It has been sort of a dry spell for me when it comes to reading thrillers this year. Imagine my delight then when I came across Good Me, Bad me. All the reviews that I read, suggested that this was easily one of the best Psychological thrillers to hit the market this year. Words like dark, compelling, voice-driven were used. How could I ignore the temptations then. I put aside “The Santa Claus Man” and picked up Good Me, Bad me. Let’s find out how it went.
“Milly’s mother is a serial killer. Though Milly loves her mother, the only way to make her stop is to turn her in to the police. Milly is given a fresh start: a new identity, a home with an affluent foster family, and a spot at an exclusive private school.
But Milly has secrets, and life at her new home becomes complicated. As her mother’s trial looms, with Milly as the star witness, Milly starts to wonder how much of her is nature, how much of her is nurture, and whether she is doomed to turn out like her mother after all.
When tensions rise and Milly feels trapped by her shiny new life, she has to decide: Will she be good? Or is she bad? She is, after all, her mother’s daughter.” – Amazon
“Forgive me when I tell you it was me.”
Narrated in first person by 15-year-old Milly, this book is about the impact of a dysfunctional household on children that grow up with it. It is a story of Milly who grew up with physical, emotional and sexual abuse at the hand’s of her serial killer mother. And then there is the story of Phoebe, who, thanks to the lack of love and attention at home, has grown up to be a bully who will stop at nothing when it comes to hurting people while still maintaining an appearance of innocence.
Milly struggles to come to terms with her past and her new reality. In spite of turning her mother in to the authorities to stop her from killing more children, she craves for love and approval of a mother that she never had.
“Beautiful, pure things make me feel ugly. Tarnished. I remember asking you when I was three, maybe four, where I came from. I waited for you to sweep me up, rub our noses together in an Eskimo kiss and reply, you came for me, you belong with me, I love you. But you didn’t respond, you walked out of the kitchen left me standing there alone”
When Mike and Saskia take in Milly as a foster child, Milly wants to fit in at any cost. Phoebe, Milly’s foster sister is not ready to share her parents love and attention with Milly and sets herself upon a mission to make Milly’s life miserable at school.
As Milly struggles to overcome her inner demons and ruthless bullying at school at the hands of Phoebe and her gang, things are not as perfect at the home front either. Saskia, battles with her depression, addictions, an extra-marital affair and an angry and bitter daughter. Mike, a psychologist by profession, is weighed down by hostilities between Saskia and Phoebe. While trying to maintain a truce on the home front, Mike must help Milly overcome her demons and prepare her for the trial.
Ali Land has delivered a deep, dark and twisted psychological thriller that is not only gripping but unsettling. It is hard not to sympathise with Milly who has gone through so much in her life and now must deal with uncertainty of her future and Phoebe’s torments. I could not stop myself from turning page after page.
Where do I begin. The writing style is not usual – the sentences are choppy and narration keeps shifting from monologue to dialogue but that is exactly what makes this a great read. These effects add to the character of Milly and keeps the reader wondering if they should or should not trust her.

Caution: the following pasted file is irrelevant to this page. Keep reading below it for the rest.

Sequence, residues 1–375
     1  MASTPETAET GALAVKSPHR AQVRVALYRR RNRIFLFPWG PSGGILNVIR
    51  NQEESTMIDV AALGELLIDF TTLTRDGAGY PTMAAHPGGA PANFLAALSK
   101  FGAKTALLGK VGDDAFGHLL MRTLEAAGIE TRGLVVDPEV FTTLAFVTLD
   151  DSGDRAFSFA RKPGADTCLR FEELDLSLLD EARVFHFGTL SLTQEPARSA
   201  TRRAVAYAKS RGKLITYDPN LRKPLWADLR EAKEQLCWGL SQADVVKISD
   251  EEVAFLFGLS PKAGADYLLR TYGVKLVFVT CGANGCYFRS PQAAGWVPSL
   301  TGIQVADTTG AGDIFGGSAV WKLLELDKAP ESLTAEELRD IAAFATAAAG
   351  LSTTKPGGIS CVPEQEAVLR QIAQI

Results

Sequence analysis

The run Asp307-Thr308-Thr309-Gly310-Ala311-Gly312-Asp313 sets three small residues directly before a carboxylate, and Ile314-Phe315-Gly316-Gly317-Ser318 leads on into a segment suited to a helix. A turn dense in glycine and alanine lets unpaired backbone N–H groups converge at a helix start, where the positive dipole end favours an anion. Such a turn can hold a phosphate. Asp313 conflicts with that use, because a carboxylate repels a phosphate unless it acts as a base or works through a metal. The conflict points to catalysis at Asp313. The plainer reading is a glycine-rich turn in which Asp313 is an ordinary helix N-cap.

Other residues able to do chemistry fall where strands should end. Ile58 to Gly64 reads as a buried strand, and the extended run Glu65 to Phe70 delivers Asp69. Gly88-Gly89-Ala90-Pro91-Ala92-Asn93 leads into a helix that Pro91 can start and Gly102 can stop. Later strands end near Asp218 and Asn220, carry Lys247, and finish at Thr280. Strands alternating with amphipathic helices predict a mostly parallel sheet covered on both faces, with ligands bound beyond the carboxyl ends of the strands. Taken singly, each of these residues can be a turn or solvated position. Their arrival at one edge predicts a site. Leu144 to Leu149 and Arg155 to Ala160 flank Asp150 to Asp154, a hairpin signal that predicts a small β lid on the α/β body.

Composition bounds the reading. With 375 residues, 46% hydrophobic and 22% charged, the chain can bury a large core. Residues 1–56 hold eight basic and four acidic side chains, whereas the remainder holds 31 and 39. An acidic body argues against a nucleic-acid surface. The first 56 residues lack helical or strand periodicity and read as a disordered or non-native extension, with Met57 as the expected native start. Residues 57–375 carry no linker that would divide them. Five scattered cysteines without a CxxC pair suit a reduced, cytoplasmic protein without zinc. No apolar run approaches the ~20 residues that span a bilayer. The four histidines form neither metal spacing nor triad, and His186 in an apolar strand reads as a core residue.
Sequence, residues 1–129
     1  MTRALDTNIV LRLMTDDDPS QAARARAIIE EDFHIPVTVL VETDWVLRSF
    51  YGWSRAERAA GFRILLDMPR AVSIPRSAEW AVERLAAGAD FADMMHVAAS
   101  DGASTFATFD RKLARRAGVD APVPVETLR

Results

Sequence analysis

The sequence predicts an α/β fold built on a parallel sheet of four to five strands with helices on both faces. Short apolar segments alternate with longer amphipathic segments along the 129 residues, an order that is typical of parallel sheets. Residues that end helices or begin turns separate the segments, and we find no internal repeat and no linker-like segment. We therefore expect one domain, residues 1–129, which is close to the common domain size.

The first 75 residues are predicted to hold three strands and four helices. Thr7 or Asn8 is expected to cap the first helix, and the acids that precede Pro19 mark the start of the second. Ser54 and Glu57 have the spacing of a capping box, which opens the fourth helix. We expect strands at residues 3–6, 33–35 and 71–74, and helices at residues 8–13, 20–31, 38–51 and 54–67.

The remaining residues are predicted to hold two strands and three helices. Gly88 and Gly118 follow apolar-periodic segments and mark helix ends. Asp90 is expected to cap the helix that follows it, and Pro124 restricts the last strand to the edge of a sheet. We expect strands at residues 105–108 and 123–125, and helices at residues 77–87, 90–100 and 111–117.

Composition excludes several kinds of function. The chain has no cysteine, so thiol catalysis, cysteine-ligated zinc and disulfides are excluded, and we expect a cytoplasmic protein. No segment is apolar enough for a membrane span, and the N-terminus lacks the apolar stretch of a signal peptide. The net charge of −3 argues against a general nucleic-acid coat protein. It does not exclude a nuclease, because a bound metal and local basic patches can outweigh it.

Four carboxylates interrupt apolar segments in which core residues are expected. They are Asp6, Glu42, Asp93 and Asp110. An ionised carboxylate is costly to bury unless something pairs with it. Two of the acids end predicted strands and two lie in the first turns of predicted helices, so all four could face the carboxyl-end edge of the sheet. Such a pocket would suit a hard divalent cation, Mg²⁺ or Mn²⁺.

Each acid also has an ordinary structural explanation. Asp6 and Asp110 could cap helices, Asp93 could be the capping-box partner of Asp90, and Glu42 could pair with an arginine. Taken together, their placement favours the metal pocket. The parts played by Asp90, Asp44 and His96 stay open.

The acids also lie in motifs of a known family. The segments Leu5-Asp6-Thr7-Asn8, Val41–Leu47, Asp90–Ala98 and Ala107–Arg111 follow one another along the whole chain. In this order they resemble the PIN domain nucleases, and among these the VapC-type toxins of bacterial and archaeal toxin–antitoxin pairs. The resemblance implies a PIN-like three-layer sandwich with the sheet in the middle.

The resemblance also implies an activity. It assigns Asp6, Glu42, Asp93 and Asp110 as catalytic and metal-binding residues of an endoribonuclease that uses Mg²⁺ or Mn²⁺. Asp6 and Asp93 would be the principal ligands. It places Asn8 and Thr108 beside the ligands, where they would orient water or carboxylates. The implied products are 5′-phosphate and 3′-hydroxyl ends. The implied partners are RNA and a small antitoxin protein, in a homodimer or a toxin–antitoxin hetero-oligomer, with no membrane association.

I also loved the multi-faceted characters and how they develop in moments rather than in chapters. The expertise of the author in Mental Health as her profession oozes through her style of character development in the book.
I have to say that I kept expecting gruesome, gory details of the murders and exploitation to be revealed, but the author very skilfully navigated past that and yet was able to create moments that were spine-chilling. It is an absolutely commendable job of story telling and I am in awe of Ali Land for this.
For seasoned Thriller readers like myself, I felt that the books falls short towards the climax. I knew what was coming and hence missed the thrill of finding out the unknown. There were a few plot-holes but I conveniently ignored them because the writing style is immensely gripping. I wish there were lesser co-incidences in the story but I am quite happy with the book to complain too much.
After graduating from university with a degree in Mental Health, Ali Land spent a decade working as a Child and Adolescent Mental Health Nurse in both hospitals and schools in the UK and Australia. Though a voracious reader from a young age and a keen observer of the world, it took Ali over thirty years to put pen to paper but she sure is glad she did! Ali’s debut novel Good Me Bad Me is an international bestseller and will be translated into twenty-three languages. It was short-listed for The Most Unreliable Narrator at the Dead Good Reader Awards, short-listed by the Crime Writers Association for the John Creasey New Blood Dagger and won Book Of The Year at Heat magazine Unmissables Awards. It’s also a New York Times Editors choice and a Richard and Judy book club pick. Ali is now a full-time writer and lives in London and is currently working on her second novel.
4 stars for sure! This book is not for the weak-hearted. Filled with details and moments that not all can stomach, the book is a stroke of genius. It has to be hands down best in its genre this year. Ali Land is a master creator of characters and twists and turns. Absolutely flawless in that department.
I don’t say this easily but I would love to watch this book made into a movie.
Run, don’t walk, to pick this one up. You won’t regret it!
Have you read Goode Me, Bad Me? Did you like it? Do let me know in the comments below.